5. In some cases the polygraph evidence can be submitted as supporting evidence


Polygraph test results as supporting evidence


An employee is implicated in the theft of property from the company. The goods that were stolen were under his care and he is the only key holder to the area where the goods was stolen from. After an internal investigation was done it was established that this employee was either responsible for the theft of the stock or involved with a second or third party in stealing the stock.
The employee was then requested to submit himself for a polygraph test. After the test was conducted the result indicated that the employee was deceptive when answering questions specifically regarding the theft of the stock and involvement therein.
There are two different charges that can be recommended here:


Charge 1: Breach of the trust relationship between the employee and the employer


There is a substantial amount of evidence implicating the employee as responsible for the theft or involvement of the theft of stock from his employer during an internal investigation.
Reasons for the ruling of breach in trust can be stipulated:
- The employee was the responsible person for safeguarding the stock.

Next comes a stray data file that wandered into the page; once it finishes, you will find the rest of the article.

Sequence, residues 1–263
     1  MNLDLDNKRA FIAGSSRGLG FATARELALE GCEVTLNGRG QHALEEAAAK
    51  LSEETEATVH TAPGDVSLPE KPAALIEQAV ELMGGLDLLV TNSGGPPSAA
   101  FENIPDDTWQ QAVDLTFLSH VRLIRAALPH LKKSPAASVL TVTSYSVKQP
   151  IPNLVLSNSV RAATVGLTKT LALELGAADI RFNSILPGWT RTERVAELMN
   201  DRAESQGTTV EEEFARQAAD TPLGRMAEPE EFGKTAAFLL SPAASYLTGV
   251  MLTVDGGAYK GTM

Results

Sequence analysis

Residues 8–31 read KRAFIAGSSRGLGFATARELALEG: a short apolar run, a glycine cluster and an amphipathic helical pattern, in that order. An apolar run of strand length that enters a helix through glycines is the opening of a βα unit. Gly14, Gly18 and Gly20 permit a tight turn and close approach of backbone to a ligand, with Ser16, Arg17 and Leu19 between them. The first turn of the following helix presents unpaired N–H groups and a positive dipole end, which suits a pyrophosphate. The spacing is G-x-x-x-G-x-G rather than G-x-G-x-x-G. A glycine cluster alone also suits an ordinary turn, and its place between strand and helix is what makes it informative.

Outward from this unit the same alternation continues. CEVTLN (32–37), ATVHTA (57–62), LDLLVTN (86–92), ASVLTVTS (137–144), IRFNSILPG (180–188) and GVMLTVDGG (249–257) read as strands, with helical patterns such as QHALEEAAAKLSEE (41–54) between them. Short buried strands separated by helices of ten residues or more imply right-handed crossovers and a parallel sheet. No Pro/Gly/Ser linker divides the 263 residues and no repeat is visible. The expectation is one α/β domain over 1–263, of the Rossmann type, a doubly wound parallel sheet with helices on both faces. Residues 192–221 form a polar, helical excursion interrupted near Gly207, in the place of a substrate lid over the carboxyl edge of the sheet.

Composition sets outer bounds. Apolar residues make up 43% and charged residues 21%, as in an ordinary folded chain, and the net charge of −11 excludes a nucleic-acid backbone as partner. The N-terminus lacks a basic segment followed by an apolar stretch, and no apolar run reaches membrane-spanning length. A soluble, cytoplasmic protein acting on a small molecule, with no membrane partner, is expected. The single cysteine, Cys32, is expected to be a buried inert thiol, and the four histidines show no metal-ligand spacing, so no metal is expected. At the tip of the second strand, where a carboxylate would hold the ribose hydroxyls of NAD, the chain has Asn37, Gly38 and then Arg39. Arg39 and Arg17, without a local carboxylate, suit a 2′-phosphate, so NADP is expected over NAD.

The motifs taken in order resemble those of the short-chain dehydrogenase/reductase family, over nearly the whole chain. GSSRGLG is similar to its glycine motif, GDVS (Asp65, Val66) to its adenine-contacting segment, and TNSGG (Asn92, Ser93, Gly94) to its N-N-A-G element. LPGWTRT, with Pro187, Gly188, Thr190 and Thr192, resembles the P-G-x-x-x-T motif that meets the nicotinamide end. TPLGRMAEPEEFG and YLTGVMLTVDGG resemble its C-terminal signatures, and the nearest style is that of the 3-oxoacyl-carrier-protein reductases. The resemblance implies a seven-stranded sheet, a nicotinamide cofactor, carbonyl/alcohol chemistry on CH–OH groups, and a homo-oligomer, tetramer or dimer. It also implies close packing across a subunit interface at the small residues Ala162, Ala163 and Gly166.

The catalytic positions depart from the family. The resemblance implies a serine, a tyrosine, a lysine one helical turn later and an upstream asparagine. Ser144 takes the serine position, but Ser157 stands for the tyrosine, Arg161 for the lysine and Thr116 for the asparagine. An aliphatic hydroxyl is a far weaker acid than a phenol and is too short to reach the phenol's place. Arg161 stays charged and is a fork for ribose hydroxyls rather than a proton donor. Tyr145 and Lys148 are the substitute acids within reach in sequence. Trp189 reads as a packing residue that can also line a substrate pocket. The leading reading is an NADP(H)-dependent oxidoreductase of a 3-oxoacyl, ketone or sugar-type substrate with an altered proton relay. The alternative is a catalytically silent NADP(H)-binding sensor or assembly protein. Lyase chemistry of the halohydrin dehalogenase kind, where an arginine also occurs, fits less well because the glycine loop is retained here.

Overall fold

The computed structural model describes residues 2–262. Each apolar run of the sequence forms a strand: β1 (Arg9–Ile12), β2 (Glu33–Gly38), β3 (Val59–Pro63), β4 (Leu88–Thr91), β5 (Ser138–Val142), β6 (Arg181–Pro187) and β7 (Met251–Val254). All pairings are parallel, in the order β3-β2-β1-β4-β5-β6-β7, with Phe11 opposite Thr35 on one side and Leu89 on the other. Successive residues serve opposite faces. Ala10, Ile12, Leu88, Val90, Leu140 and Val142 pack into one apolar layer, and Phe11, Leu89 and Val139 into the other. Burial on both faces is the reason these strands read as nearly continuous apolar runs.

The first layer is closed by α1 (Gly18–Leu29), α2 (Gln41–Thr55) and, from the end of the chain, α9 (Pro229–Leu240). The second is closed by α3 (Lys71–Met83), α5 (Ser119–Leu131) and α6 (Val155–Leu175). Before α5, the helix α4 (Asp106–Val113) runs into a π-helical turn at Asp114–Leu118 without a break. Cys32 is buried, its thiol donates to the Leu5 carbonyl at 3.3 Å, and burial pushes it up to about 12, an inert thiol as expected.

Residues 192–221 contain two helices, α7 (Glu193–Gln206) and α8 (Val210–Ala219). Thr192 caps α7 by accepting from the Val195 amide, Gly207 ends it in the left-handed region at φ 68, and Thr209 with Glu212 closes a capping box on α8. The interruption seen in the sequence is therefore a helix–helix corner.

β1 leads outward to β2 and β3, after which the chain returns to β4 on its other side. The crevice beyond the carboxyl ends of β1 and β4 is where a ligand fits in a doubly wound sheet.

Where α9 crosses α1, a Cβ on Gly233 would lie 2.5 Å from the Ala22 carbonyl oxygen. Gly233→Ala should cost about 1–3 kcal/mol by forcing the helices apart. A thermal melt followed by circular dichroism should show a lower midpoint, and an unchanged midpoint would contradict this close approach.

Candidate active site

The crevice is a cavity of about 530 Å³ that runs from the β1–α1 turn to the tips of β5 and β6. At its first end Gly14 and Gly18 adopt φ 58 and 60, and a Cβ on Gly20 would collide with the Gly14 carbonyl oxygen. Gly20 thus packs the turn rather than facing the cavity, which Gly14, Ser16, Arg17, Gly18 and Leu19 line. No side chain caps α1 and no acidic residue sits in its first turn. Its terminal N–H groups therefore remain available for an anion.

- The employee was the only person with a key to the area from where the goods were stolen from.
- No forced entry to this area was found during the investigation
- The employee failed his polygraph test. (supporting evidence)
- Due to all the above circumstances the trust relationship between the employer and employee was breached.


Charge 2: Breach of contract


In that the employee failed his polygraph test where as his contract clearly state that it is a fundamental requirement that the employee should submit himself for a polygraph test if and when requested to do so, that the employee is expected to show zero deception in all such tests. Failure to show zero deception in such tests at all times may result in dismissal.
Reasons for this ruling can be submitted as follow:
- The employee voluntary signed that he will comply with the fundamental requirements in his employment contract which include that he will at all times show zero deception in his polygraph tests if and when he is requested to submit himself for such a test.
- The employee failed to comply with the fundamental requirements in his employment contract by showing signs of deception in his polygraph test.
- Due to failure to comply with this fundamental requirement the employee is dismissed.